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Cosmatesque Architecture and the Coronation.
It may have come to your attention that Queen Elizabeth II, the world’s second longest serving monarch (Louis XIV who acceded to the throne aged four and a bit ruled for over seventy-two years) died last week. Sixty-nine years ago she was crowned Queen in Westminster Abbey, over a year after her accession. In common with every coronation since Edward I in 1272, that ceremony took place on a floor made by Roman craftsmen.
The floor is known as the Cosmati pavement, using a term coined in 1860 when Camillo Boito published an article entitled “Cosmatesque Architecture”. Boito was the first to use the term to encompass a particular type of geometric decorative stonework found in Roman church decoration in the twelfth and thirteenth centuries.
While providing a useful label for this type of decoration, it is a little misleading: there was no single family called the Cosmati, rather it is a catch-all encompassing several families of Roman stonemasons. In the twelfth and early thirteenth centuries families and workshops worthy of mention include those of a Magister Paulus; of Pietro Mellini; of the Vassalletti; and of a man called Tebaldo Marmorario (Tebaldo the marble worker).
There are two notable Cosmas in the midst of these family lines from whence the term “Cosmatesque”: Tebaldo Marmorario’s son, Lorenzo di Tebaldo is documented until c.1190. Lorenzo’s son Jacopo is documented between 1195 and 1210, and Jacopo’s son is called Cosma. He leaves his name on inscriptions between 1210 and 1231.
There is also an important Magister Cosmatus active in the late 13th century, whose laconic signature appears at the exquisite Sancta Sanctorum at the Lateran.
Regardless of specific genealogical connections, the common thread in all Cosmati work is the reuse of the grandest materials of the Imperial city: columns of purple porphyry from the Eastern deserts of Egypt; green serpentine from the Peloponnese of mainland Greece; and Numidian yellow from the border of modern Tunisia and Algeria. Columns were sliced like salami into discs around which triangular chips were arranged in elaborate geometric and serpentine forms inlaid to create pavements, tombs, altars, pulpits, and bishops’ thrones.
Indeed Cosmati work was indicative of a sort of mini-Renaissance; a profound “rebirth” inspired by the study of the antique, as well as the art of Byzantium, the Eastern Roman Empire through which that most Roman of arts, mosaic, continued to thrive. Ultimately this spirit of rebirth was to prove a false dawn, thwarted by the shift of the seat of the papacy to Avignon in the early fourteenth century. Rome’s fragile equilibrium was once again to spiral into economic and political entropy.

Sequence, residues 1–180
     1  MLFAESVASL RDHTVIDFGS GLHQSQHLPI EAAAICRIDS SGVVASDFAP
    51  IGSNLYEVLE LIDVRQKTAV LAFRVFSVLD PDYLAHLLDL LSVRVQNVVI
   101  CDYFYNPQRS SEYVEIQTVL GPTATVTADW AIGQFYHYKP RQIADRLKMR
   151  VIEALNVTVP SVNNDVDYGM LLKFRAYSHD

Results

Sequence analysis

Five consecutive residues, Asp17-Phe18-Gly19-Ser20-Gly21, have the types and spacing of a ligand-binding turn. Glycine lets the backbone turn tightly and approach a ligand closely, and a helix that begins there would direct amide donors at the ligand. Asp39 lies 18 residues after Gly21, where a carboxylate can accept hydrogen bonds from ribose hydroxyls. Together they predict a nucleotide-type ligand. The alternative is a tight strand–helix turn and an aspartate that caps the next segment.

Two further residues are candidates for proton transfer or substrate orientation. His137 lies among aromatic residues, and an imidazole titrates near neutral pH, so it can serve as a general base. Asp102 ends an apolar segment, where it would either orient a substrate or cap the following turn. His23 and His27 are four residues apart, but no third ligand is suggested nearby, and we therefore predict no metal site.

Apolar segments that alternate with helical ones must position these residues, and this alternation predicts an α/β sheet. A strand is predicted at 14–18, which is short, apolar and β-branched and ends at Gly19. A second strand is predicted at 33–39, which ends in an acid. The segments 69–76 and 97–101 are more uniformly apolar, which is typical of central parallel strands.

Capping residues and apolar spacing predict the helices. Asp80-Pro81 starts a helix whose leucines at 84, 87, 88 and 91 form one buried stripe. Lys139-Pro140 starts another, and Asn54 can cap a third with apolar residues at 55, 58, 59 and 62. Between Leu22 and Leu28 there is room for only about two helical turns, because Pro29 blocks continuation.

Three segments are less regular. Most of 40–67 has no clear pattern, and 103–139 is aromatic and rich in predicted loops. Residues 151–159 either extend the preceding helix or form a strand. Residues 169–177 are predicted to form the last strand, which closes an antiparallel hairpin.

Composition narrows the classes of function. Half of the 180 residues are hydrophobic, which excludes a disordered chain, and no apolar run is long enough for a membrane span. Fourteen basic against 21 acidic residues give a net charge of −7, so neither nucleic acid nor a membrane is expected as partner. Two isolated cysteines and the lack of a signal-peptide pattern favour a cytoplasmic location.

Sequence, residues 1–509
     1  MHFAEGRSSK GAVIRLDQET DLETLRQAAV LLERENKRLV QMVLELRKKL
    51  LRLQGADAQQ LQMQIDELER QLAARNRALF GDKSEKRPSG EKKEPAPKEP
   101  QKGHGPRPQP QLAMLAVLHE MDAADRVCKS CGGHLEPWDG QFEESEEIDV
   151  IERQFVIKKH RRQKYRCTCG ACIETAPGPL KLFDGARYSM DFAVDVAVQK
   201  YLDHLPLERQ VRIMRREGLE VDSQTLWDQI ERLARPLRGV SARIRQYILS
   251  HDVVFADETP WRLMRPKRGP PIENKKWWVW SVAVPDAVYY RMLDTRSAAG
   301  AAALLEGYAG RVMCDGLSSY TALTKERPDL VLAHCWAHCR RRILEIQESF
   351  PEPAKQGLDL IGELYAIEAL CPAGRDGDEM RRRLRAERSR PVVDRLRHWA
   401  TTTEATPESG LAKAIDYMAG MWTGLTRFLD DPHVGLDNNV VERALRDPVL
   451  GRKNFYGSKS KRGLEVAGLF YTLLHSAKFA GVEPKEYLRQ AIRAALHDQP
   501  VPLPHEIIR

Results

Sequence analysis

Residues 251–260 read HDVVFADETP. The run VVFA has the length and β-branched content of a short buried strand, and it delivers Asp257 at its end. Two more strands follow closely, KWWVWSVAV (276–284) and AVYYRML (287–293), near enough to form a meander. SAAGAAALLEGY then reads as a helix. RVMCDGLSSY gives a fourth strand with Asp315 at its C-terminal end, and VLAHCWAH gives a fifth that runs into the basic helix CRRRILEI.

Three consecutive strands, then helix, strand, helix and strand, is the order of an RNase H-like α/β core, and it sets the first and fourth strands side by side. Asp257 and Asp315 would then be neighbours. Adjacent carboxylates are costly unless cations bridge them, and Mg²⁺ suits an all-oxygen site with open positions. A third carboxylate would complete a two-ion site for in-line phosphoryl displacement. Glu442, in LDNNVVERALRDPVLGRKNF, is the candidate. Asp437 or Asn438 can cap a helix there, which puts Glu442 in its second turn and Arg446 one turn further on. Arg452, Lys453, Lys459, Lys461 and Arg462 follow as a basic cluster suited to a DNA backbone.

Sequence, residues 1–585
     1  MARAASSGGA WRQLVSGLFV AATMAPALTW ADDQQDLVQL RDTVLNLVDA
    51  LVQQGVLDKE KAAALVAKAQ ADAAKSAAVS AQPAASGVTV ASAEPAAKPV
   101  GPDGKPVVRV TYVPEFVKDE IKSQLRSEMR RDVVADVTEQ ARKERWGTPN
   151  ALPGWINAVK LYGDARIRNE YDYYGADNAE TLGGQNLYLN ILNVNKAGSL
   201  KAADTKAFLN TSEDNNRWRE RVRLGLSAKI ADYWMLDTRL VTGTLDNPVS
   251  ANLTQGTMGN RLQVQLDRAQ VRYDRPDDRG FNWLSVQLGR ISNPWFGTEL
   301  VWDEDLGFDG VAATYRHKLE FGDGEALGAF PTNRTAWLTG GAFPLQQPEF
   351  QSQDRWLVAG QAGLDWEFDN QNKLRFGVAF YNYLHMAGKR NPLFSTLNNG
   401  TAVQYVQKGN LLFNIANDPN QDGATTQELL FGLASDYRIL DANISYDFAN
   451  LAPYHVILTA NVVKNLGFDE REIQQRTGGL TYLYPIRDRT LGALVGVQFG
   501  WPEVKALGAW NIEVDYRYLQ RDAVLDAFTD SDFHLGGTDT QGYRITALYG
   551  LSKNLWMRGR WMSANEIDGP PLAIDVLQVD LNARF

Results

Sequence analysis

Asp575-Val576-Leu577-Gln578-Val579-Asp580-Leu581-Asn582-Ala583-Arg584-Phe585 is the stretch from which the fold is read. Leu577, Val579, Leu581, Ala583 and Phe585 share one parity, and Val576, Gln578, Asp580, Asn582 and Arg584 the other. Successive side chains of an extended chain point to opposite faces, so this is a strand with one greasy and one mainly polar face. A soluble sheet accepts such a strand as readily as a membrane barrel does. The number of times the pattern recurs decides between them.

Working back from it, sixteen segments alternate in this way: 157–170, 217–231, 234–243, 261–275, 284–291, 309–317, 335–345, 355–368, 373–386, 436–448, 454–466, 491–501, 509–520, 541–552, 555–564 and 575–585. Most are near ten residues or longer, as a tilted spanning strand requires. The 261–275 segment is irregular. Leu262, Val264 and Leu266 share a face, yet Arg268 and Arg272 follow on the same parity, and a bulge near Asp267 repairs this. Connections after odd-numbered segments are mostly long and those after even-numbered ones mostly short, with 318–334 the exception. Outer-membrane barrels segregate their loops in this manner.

However, before the Avignonese papacy abandoned Rome to the iniquities of the fourteenth century, Cosmati work was to become ever more celebrated. Such was the fame of the Roman stonemasons that a certain Odericus was called to London by King Henry III to create the floor in front of the high altar at Westminster Abbey. It is signed, and dated 1268. Coloured stones, once pilfered from across the Empire, were taken by sea to London. To this geological map of long-lost Empire were added coloured glass and gilded tiles. Both the materials and the techniques, merging mosaic and opus sectile, are fundamentally Roman.
Porphyry and serpentine were shipped from Rome but, in an attempt to reduce costs at Westminster, white Luni marble was substituted with Purbeck limestone. The friable Dorset stone is considerably more fragile, and when the Queen was crowned in 1953 the pavement was hidden beneath a carpet. It was only after a restoration completed in 2010 that the floor was permanently uncovered. When the coronation of her son as King takes place in due course that too will take place upon the Cosmati pavement, now visible in all of its glory, and made from the repurposed fragments of the temples and palaces of imperial Rome. Rome may be an exercise in the conservation of matter, but it is not an entirely closed circuit. After all some of it ended up in London; one really is never very far from Rome.